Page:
Big Sur California. What an incredible drive, what incredible views, what incredible wildlife.
Michele and I drove from Santa Barbara to Monterey Bay 2 years ago and it was one of the best vacations we've had. It's also a photographer's dream and some place I could spend years exploring. The big in Big Sur certainly holds weight here. Everything is on a grand scale. Big cliffs, big ocean, big view, big trees and big animals.
Here's a view looking back down the coast to the south after crossing a bridge. Some of the homes here are big too, and spectacular to match.
All along the drive, we saw plumes of mist exploding into the air from the pods of humpback whales surfacing to breathe. When we passed a spot where cars were stopped and their occupants were staring over the cliff and chatting like giddy school kids. What we found was that we were about 600 feet over the ocean and directly below us was a pod of humpbacks feeding. AMAZING. I added a doubler to my 200mm lens and took a variety of shots as the whales circled underneath blowing bubbles to create a 'net' to trap their food, then surfacing with mouths agape to filter the krill out of thousands of gallons of water with each mouthful. Even at this height, it was easy to hear them communicating with one another, slapping the water and clearing their blow holes and taking breaths. All around them circled sea lions which you can see at the bottom of the photo. I wonder if any of them accidentally get swallowed up? What happens then? Game over I'm guessing. Makes me reconsider my thoughts of how amazing it would be to be one of those kayakers you see on the internet who've taken the amazing videos of whales surfacing and eating just feet from their boats. What happens if YOU are in the middle of one of those mouth fulls?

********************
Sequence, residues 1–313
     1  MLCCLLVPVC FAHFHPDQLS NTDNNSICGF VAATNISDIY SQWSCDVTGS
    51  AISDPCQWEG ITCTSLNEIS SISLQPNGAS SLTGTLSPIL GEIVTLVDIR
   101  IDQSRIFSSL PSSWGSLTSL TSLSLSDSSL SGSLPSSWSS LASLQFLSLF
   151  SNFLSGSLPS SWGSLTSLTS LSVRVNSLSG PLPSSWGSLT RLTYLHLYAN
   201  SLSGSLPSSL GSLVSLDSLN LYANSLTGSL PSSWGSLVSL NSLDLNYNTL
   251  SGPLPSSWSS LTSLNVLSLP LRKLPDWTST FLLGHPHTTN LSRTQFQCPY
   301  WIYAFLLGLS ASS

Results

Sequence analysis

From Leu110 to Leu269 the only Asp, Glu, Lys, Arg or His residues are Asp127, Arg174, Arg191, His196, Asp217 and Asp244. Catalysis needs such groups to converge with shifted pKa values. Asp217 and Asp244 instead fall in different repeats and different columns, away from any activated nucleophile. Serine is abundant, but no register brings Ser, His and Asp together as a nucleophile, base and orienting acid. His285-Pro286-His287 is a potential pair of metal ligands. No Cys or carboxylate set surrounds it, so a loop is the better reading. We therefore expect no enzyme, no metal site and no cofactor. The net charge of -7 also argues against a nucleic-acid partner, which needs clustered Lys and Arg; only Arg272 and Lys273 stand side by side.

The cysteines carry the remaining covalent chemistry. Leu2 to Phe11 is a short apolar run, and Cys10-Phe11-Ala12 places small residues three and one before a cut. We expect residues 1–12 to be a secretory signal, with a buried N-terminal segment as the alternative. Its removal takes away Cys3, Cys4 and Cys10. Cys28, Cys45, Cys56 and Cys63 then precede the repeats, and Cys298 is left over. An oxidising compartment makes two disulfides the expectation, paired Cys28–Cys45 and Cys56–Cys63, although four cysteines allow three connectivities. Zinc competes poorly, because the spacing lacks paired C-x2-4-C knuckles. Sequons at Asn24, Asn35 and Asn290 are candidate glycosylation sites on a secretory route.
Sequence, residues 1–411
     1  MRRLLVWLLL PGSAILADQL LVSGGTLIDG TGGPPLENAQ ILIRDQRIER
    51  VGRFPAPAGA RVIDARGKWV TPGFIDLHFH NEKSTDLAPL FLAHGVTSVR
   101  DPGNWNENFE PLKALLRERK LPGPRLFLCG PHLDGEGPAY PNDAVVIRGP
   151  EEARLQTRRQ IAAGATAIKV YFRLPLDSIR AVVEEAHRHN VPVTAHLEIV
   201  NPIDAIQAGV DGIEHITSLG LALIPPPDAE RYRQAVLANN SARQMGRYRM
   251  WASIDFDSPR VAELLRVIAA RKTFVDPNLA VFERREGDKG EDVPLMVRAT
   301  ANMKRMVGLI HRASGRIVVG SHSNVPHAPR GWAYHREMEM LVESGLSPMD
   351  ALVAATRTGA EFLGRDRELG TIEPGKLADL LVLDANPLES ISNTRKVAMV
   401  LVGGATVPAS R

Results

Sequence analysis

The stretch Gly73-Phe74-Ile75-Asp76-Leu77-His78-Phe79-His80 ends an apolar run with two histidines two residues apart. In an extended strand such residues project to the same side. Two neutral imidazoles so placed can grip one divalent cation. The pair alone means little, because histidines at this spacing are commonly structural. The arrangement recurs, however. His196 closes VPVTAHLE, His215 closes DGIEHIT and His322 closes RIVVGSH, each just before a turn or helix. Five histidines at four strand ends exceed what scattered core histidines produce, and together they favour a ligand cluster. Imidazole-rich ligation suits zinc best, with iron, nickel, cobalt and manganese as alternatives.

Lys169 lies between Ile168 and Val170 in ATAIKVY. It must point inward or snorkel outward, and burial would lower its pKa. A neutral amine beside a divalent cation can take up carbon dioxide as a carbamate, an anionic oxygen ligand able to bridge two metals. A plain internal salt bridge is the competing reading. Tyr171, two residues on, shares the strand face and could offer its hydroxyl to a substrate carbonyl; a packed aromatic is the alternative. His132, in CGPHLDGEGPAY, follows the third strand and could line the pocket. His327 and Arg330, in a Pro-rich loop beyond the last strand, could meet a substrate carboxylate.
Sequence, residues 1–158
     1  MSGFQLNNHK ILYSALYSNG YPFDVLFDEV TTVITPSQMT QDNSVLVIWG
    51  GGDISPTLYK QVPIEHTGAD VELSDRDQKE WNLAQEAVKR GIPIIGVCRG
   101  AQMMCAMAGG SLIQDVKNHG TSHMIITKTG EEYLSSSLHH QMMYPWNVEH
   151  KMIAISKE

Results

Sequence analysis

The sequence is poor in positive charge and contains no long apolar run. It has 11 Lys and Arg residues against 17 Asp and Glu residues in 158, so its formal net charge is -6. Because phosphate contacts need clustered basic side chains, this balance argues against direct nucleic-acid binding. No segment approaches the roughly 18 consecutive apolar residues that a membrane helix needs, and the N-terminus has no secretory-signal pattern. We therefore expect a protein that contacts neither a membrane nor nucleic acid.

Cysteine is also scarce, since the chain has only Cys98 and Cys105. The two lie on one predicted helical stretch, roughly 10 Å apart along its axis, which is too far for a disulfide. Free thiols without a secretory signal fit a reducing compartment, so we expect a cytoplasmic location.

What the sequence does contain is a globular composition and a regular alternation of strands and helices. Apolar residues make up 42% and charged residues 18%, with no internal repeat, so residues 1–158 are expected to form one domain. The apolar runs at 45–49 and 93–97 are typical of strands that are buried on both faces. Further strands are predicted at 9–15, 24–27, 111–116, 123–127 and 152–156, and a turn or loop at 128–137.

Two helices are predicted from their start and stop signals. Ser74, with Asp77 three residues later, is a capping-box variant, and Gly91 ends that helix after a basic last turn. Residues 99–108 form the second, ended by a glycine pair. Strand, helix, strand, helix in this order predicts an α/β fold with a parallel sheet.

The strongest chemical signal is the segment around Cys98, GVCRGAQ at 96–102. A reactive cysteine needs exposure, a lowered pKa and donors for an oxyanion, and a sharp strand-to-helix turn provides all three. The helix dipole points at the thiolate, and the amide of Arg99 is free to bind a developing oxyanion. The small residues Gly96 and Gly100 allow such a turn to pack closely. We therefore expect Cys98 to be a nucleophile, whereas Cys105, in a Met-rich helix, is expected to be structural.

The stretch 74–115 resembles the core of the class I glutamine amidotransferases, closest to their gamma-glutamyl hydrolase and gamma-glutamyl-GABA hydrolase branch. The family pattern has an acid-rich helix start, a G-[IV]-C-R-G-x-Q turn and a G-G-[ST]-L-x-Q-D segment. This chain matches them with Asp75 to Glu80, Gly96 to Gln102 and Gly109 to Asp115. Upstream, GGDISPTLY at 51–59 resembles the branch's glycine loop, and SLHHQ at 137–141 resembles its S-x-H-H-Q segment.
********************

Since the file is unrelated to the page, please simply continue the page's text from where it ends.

The sun set not long thereafter. I wish I could spend days shooting the sunsets, sunrises and views in Big Sur. The sun shining through the clouds looked like showers of gold dust falling from the sky.